8. Treasurer and Minister for Small Business and Tourism, Productivity Commission to
Examine the Market for Retail Tenancy Leases, Media Release (19 Jun 2007).
This legislation is augmented by provisions relating to unconscionable conduct
originating in the Trade Practices Act 1974 (Cth) (‘TPA’). In 1998, section 51AC was
inserted into the TPA in order to extend the unconscionable conduct provisions of
Part IV of that Act2 to small business transactions.3 Commentators were divided on
the scope of section 51AC,4 although most anticipated that the provision would
have a significant impact on retail leasing.5 Such an expectation was encouraged by
the incorporation into, or ‘drawing down’, of provisions equivalent to section 51AC
into State and Territory retail tenancy legislation, thus enabling matters involving
unconscionable conduct to be heard in State and Territory retail leasing tribunals.6
However, despite the availability of these unconscionability provisions, allegations
of harsh or unfair conduct within landlord-tenant relationships, particularly those
where the premises are in large suburban shopping centres, persist. In response to
such concerns there have been numerous governmental inquiries focussing on this
issue.7 Indeed, as recently as June 2007, the Commonwealth government announced
a Productivity Commission inquiry into the market for retail leases.8 Several
submissions received at the time of writing focus on the perceived failure of the
LANDLORDS AND TENANTS BEHAVING BADLY? 209
unconscionability provisions to make inroads into allegations of improper landlord
The approach in the United Kingdom is very different. Legislation does exist which
gives occupational tenants of retail, office and industrial property an extensive right
to renew the lease and the process by which the lease is renewed is statutorily
controlled. However, there is no attempt to legislate in respect of specific parts of
the market such as retail or small business. There is little or no control over lease
terms, and there are no mandatory information or disclosure requirements. Relief
against unconscionable bargains is only available in very limited areas and these do
not include lease contracts. The general law governing unreasonable restraint of
trade does not apply to leases. Furthermore, although the Law Commission has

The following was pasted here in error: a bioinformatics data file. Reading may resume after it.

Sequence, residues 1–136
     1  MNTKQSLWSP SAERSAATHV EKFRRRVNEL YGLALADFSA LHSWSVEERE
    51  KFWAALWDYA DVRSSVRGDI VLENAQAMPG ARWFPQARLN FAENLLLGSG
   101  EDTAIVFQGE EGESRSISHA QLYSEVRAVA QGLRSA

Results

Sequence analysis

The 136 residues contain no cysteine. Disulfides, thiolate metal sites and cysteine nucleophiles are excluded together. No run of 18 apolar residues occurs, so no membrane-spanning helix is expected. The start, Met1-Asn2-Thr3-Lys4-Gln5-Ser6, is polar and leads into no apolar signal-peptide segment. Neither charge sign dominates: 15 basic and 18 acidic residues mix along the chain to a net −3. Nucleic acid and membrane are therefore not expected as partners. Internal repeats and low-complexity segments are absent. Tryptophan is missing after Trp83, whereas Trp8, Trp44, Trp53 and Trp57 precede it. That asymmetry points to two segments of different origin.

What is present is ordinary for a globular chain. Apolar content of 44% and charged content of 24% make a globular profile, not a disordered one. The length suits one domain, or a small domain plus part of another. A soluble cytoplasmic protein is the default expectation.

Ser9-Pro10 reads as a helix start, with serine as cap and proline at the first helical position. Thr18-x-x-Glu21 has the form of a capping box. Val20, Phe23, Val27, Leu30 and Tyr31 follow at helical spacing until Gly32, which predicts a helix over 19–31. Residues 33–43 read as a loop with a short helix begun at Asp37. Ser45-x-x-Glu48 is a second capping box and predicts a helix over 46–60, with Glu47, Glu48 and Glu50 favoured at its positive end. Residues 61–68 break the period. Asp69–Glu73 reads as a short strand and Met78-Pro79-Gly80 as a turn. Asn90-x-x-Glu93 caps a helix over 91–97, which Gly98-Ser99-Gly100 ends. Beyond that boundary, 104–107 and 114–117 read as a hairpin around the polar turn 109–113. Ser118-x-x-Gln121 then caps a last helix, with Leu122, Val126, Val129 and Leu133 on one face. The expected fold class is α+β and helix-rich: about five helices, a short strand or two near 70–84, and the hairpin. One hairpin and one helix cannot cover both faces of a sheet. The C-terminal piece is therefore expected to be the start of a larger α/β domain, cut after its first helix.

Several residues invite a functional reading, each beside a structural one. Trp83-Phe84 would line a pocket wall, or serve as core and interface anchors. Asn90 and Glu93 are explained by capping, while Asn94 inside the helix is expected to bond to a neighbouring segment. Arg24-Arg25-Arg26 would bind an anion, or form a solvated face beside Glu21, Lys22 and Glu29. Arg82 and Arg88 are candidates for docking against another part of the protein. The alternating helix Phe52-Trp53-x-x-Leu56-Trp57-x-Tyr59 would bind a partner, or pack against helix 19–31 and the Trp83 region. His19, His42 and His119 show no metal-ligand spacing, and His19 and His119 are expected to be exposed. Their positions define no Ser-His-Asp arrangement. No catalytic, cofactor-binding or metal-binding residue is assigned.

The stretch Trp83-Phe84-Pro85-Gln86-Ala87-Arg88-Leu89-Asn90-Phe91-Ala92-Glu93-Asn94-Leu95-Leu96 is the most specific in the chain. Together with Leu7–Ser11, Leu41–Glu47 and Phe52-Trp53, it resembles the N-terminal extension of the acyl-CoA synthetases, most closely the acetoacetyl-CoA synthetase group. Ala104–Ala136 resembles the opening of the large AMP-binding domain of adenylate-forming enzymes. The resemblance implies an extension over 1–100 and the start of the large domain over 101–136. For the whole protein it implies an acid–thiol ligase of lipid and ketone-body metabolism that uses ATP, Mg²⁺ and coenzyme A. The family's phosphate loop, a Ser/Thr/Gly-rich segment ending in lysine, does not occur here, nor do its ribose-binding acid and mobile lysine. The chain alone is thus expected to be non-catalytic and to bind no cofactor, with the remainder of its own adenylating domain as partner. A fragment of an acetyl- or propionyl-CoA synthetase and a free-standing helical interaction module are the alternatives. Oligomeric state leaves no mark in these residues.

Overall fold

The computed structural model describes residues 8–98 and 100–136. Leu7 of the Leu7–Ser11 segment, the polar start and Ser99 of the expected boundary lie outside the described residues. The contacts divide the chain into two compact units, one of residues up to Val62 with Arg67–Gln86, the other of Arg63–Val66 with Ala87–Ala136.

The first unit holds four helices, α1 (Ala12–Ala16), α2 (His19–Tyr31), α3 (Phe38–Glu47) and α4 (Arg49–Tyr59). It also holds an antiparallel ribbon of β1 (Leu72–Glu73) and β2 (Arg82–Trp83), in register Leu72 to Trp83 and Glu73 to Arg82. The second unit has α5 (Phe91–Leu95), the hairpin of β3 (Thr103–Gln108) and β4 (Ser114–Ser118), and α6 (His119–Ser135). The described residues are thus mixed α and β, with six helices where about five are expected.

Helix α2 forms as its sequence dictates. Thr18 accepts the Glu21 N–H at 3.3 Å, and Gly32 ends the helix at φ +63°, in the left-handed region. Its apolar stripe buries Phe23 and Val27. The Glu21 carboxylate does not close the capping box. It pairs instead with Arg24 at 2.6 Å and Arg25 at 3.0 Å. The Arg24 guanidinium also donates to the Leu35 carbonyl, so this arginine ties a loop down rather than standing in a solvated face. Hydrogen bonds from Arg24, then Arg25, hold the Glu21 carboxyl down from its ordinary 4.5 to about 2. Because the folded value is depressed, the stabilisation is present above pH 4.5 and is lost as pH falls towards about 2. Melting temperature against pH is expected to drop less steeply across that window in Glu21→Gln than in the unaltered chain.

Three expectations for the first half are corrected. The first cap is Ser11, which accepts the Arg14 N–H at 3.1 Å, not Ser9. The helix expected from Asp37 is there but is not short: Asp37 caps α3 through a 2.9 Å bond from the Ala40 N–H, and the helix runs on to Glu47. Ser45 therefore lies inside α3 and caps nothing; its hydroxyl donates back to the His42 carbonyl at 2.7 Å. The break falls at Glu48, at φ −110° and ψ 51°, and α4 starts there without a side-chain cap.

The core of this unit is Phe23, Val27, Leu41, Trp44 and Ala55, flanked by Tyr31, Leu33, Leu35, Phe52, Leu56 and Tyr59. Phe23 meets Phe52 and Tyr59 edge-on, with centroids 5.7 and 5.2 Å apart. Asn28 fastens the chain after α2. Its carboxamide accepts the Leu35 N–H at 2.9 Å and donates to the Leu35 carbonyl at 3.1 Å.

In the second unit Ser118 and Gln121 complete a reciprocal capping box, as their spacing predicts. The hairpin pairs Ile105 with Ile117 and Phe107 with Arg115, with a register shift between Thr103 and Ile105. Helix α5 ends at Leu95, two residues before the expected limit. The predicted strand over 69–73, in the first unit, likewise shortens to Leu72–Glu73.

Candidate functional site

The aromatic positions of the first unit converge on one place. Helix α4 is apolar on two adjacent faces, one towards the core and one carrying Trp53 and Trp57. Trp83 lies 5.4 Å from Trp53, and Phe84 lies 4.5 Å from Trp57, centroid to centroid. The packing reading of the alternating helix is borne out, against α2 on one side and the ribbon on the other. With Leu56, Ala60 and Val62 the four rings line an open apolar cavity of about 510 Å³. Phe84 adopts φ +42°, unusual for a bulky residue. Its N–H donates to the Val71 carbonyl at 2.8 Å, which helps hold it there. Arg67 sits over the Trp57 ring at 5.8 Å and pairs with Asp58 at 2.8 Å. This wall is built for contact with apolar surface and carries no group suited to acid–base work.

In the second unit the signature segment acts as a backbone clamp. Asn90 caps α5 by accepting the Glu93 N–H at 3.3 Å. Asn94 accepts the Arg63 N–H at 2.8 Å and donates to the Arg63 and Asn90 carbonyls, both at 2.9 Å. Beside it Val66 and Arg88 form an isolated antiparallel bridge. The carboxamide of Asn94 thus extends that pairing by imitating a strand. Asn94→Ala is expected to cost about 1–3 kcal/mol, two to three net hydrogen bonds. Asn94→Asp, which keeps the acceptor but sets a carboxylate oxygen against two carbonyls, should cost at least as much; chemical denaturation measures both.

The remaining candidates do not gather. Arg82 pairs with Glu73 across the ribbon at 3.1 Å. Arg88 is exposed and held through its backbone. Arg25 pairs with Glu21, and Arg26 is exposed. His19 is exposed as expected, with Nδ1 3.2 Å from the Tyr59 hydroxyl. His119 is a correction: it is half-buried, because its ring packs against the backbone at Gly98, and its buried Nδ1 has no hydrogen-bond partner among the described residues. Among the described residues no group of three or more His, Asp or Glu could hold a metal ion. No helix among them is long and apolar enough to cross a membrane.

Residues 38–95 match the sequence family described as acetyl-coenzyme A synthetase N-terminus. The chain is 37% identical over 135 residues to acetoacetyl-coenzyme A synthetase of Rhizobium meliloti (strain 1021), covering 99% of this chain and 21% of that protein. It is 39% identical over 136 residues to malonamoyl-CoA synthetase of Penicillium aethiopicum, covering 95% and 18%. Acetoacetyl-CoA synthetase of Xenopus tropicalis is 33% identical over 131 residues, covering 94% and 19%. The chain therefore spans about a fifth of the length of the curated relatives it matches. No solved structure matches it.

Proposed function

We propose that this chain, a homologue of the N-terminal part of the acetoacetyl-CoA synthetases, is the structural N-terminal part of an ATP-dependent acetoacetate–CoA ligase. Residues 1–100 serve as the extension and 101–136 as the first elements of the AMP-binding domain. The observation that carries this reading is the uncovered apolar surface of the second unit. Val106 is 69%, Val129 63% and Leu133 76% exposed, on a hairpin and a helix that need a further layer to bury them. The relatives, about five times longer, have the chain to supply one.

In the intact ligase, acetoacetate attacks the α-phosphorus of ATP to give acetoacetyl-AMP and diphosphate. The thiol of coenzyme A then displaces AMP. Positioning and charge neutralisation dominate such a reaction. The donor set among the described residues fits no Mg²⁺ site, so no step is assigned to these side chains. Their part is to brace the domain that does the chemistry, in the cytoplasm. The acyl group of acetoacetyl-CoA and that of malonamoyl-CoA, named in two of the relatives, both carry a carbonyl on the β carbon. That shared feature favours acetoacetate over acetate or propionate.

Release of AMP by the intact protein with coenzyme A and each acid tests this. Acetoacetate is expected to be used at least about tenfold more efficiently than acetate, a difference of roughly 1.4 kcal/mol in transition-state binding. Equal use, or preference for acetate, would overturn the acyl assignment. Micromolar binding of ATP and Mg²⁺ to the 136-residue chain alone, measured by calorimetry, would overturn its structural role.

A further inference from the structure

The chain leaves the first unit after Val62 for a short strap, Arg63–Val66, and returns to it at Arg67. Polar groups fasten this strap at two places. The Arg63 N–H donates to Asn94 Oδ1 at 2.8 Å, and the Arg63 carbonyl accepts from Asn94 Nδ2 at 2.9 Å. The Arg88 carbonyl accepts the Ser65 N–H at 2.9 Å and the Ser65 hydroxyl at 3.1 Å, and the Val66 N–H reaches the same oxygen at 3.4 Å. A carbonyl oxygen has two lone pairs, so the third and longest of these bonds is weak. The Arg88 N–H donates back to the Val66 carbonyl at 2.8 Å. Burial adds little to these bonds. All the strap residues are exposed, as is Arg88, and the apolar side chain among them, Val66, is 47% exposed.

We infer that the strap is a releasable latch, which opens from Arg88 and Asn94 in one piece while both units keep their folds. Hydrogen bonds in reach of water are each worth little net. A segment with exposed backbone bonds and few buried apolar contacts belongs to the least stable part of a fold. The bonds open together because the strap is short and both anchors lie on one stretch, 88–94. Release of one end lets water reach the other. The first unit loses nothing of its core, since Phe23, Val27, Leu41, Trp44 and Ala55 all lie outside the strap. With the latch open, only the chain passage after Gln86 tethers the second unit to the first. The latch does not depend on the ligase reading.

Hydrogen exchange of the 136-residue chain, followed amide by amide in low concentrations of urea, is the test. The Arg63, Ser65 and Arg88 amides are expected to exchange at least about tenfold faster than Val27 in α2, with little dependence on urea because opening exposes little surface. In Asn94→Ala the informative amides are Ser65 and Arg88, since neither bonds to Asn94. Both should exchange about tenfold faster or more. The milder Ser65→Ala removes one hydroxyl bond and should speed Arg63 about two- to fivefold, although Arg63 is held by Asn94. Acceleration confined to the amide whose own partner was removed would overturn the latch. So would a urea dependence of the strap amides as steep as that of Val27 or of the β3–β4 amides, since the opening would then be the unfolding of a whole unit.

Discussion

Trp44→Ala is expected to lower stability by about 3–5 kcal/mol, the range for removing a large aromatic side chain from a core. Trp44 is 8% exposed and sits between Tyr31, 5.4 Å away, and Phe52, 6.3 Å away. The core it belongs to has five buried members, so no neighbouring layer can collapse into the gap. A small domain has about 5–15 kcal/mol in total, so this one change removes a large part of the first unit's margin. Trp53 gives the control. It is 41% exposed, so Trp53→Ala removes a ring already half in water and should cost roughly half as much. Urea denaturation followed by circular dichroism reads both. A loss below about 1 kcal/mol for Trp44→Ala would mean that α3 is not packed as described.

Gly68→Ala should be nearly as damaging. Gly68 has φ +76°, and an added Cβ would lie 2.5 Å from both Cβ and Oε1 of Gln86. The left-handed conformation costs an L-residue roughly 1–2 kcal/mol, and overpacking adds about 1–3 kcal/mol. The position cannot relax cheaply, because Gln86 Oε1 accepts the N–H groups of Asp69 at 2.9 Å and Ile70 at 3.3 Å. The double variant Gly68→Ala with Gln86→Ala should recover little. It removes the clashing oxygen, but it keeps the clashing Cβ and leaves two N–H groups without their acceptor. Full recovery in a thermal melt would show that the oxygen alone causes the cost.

recently recommended that the Unfair Terms in Consumer Contracts Regulations
1999 be extended to small businesses, it has suggested that this should not cover
This article aims to compare the approach of Australia and the United Kingdom in
the use of unconscionable conduct principles in the area of commercial leasing in
the small business sector. The objectives are to trace the process by which
unconscionable conduct principles came to be included in the Australian retail
tenancies legislation, examine the subsequent case-law in order to assess the
difficulties in applying the principles to retail lease cases and draw some preliminary
conclusions as to the effectiveness of the Australian provisions in influencing
commercial landlord and tenant negotiations. The article will then discuss the
approach adopted in the United Kingdom to unconscionable and unfair bargains,
consider the current attitude to its applicability to business leases and consider
whether small business tenants in the United Kingdom could benefit from the adoption
of a regime similar to that in Australia.
THE INTRODUCTION OF UNCONSCIONABLE CONDUCT
PRINCIPLES INTO RETAIL LEASING IN AUSTRALIA
Unlike the United Kingdom, in Australia general equitable relief from the
consequences of unconscionable conduct is not limited to specific areas.
Furthermore, it is given potentially wider application by statute. The medium for this
statutory jurisdiction has been the TPA. The possibility of inserting a section into
the TPA addressing unconscionable conduct in commercial and consumer
transactions was first mooted as early as 1976;10 however, section 52A, limited to
consumer transactions, was not introduced until 1986.11 In 1992, section 51AA, a
9. See . It is anticipated that the final report will be released on 21 December
10. Trade Practices Act Review Committee (‘Swanson Committee’), Report to the Minister of
Business and Consumer Affairs (Canberra, Aug 1976) [9.96]–[9.97].
11. Section 52A, inserted by Act No 17, 1986. Section 52A was renumbered s 51AB byTrade
Practices (Amendment) Act 1992 (Cth), Act No 222, 1992.
210 (2007) 33 UWAL REV
provision prohibiting unconscionable conduct within the meaning of the unwritten
law of the States and Territories, was inserted into the TPA.12 It was envisaged that
the provision would address unconscionable conduct in commercial transactions.13
However, complaints continued to be made to the Australian Competition and